renWin AddRenderer ren1
renWin Render

This code is in the file materials/Demos/Simple/cone.tcl. To run:

scc1% cd materials/Demos/Simple/
scc1% vtk cone.tcl

Interaction

In order to interact with the scene using the mouse we will use an instance of vtkRenderWindowInteractor. The interactor can be placed into joystick or trackball mode using the “j” or “t” keys. The left mouse button controls rotation, the middle mouse button controls panning, and the right mouse button controls zooming. The “r” key can be used to reset the camera. The “q” key is used to quit. Here is code to create a cone within an interactive window and renderer:

package require vtk
package require vtkinteraction

vtkConeSource cone
   cone SetResolution 100

vtkPolyDataMapper coneMapper
   coneMapper SetInput [cone GetOutput]

vtkActor coneActor
   coneActor SetMapper coneMapper
   [coneActor GetProperty] SetColor 1.0 0.0 0.0

vtkRenderWindowInteractor iren

vtkRenderWindow renWin
   renWin SetSize 500 500

vtkRenderer ren1
   ren1 SetBackground 0.0 0.0 0.0

ren1 AddActor coneActor
renWin AddRenderer ren1
iren SetRenderWindow renWin
iren Initialize

This code is in the file materials/Demos/Simple/cone2tcl. To run:

scc1% cd materials/Demos/Simple/
scc1% vtk cone2.tcl

Visualization Pipeline

The visualization pipeline is responsible for constructing the geometric representation that is then rendered by the graphics pipeline. In other words the visualization pipeline transforms informational data into graphical data which is then transformed into images by the graphics pipeline. VTK uses a data flow approach to transform informational data into graphical data. There are two basic types of objects involved:

  • vtkDataObject
  • represents data of various types: Image data, Rectilinear Grid, Structured Grid, Unstructured Points, Polygonal Data, Unstructured Grid
  • consists of geometry (point coordinates), topology (points or cells), and data attributes (Scalars, Vectors, Normals, Texture Coordinates, Tensors)
  • provides access to data
  • vtkProcessObject
  • filters which operate on data objects to produce new data objects
  • represent visualization algorithms

Data Objects and Process Objects are connected together to form a visualization pipeline.

Source -> Reader -> Filter -> Mapper -> Actor

Data Objects

VTK data objects have both topological and geometrical structure and can represent several types of data:

  • (a) Image/Volume Data (vtkImageData) datatypes
  • regular in both topology and geometry
  • examples: lines, pixels, voxels
  • applications: imaging CT, MRI
  • (b) Rectilinear Grid (vtkRectilinearGrid)
  • regular topology but geometry only partially regular
  • examples: pixels, voxels
  • (c) Structured Grid (vtkStructuredGrid)
  • regular topology and irregular geometry
  • examples: quadrilaterals, hexahedron
  • applications: fluid flow, heat transfer
  • (d) Unstructured Points (vtkPolyData)
  • no topology and irregular geometry
  • examples: vertex, polyvertex
  • applications: data with no inherent structure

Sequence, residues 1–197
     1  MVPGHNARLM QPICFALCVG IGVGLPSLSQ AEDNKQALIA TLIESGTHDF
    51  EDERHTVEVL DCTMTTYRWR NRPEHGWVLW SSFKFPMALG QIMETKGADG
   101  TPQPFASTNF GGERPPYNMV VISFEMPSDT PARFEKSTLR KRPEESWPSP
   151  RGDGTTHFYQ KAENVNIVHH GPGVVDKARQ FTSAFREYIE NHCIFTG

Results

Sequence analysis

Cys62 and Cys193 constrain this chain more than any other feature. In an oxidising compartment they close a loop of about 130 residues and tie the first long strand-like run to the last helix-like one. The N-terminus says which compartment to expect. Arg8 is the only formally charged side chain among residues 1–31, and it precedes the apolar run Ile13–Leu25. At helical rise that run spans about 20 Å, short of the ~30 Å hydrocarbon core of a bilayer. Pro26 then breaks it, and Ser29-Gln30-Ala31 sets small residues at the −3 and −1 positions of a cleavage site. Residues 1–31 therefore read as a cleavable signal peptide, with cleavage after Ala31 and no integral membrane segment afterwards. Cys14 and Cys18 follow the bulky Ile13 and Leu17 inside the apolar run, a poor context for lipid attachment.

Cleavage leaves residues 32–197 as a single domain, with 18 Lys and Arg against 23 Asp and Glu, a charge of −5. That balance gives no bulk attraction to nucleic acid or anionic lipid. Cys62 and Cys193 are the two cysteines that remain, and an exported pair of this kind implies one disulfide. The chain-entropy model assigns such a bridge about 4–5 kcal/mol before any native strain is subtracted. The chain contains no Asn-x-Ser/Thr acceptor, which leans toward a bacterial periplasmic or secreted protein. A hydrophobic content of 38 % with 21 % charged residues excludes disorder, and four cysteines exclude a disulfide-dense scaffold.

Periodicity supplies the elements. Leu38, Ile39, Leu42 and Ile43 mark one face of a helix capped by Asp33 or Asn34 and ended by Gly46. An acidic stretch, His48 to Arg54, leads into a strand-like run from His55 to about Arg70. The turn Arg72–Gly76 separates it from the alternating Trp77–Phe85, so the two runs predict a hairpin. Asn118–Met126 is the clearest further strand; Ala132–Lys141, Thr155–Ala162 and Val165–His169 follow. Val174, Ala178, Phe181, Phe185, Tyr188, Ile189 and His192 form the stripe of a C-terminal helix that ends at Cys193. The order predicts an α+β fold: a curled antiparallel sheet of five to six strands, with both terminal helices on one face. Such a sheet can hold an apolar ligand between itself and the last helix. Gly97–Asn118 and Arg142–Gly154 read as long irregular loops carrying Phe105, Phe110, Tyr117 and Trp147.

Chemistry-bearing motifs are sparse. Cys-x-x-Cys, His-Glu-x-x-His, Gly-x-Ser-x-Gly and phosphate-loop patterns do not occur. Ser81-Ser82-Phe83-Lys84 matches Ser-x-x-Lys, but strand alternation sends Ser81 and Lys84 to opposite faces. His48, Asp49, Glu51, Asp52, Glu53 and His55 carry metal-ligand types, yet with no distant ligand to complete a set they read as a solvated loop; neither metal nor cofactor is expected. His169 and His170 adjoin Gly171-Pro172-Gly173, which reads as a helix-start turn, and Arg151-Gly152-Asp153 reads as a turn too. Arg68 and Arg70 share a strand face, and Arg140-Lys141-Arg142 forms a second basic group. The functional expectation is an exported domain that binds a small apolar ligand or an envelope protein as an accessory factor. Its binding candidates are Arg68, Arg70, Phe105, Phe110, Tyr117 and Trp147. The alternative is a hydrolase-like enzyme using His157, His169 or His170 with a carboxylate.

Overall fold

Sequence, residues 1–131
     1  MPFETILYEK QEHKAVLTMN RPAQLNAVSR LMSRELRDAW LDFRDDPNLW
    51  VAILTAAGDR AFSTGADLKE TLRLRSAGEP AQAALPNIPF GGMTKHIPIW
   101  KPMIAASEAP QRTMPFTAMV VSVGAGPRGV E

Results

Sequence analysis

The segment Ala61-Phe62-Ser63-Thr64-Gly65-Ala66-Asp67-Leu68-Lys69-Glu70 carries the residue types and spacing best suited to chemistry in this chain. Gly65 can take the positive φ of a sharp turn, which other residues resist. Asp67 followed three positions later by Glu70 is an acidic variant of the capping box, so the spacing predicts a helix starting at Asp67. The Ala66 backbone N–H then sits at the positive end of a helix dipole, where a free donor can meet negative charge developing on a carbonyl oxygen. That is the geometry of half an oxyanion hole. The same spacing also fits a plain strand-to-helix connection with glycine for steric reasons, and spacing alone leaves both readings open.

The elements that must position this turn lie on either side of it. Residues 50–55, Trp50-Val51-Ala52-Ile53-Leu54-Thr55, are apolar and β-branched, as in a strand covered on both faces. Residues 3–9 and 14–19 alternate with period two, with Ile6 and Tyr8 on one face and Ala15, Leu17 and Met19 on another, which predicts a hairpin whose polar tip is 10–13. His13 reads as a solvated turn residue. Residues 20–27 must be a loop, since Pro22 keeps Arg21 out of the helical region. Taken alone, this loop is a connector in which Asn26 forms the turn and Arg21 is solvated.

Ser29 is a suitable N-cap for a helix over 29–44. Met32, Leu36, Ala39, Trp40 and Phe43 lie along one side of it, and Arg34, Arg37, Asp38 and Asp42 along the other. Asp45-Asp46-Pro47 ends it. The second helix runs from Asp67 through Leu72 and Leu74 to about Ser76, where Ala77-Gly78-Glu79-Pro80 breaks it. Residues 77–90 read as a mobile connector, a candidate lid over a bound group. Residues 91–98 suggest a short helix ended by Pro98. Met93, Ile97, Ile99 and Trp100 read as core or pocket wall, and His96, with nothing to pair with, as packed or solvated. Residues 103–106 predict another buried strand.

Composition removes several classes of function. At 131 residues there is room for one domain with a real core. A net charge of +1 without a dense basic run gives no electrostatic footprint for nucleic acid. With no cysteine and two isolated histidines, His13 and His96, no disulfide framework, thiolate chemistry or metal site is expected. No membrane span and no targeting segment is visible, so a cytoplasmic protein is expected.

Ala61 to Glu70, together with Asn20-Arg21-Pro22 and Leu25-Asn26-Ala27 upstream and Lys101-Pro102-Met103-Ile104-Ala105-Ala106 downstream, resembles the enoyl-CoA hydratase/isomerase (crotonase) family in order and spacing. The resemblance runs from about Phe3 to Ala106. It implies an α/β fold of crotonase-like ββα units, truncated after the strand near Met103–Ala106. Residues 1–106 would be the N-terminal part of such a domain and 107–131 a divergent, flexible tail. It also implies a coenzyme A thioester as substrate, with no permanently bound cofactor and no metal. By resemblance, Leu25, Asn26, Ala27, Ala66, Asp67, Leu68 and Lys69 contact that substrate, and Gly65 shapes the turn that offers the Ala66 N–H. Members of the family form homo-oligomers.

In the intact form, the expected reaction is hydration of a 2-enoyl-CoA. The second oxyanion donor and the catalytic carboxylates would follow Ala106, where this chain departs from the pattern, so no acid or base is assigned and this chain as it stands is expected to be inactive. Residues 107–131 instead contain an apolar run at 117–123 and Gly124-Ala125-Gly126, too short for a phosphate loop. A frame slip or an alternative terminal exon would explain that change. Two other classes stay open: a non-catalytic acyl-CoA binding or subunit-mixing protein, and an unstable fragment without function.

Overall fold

• (e) Polygonal Data (vtkPolyData)
  • irregular in both topology and geometry
  • examples: vertices, polyvertices, lines, polylines, polygons, triangle strips
  • applications: modelling
  • (f) Unstructured Grid (vtkUnstructuredGrid)
  • irregular in both topology and geometry
  • examples: any combination of cells
  • applications: finite element analysis, structural design, vibration

Data Attributes

VTK data objects also have attributes associated with the topological and geometrical organizing structure:

  • Scalars
  • single valued
  • examples: temperature, pressure, density, elevation
  • Vectors
  • magnitude and direction
  • examples: velocity, momentum
  • Normals
  • direction vectors (have a magnitude of 1)
  • used for shading
  • Texture Coordinates
  • used to map a point in Cartesian space into 1, 2, or 3D texture space
  • used for texture mapping of polygonal surfaces
  • volume visualization can use 3D textures
  • Tensors
  • rank 0 (scalar), rank 1 (vector), rank 2 (matrix), rank 3 (3D rectangular array)
  • examples: stress, strain

Scalar Visualization Algorithms

Scalars are single data values associated with each point/cell in the dataset. There are many different algorithms to visualize scalar data. Two common algorithms are Color Mapping and Contouring.

Color Mapping

In color mapping scalar values are mapped through a lookup table to a specific color. Scalar values are used as an index into a color lookup table. The primary VTK classes used for color mapping are vtkLookupTable and vtkDataSetMapper. The basic idea is to specify a HSVA (Hue-Saturation-Value-Alpha) ramp and then generate the colors in the table by using linear interpolation into the HSVA space. Using an instance of vtkLookupTable you can set both the number of colors (size of the table) and the hue range for the table. Several examples of using color mapping to visualize scalar data are located in the materials/Demos/ColorMaps directory. Here is example Tcl code which shows how to set up the color table and map the entire scalar range of the data into the color table: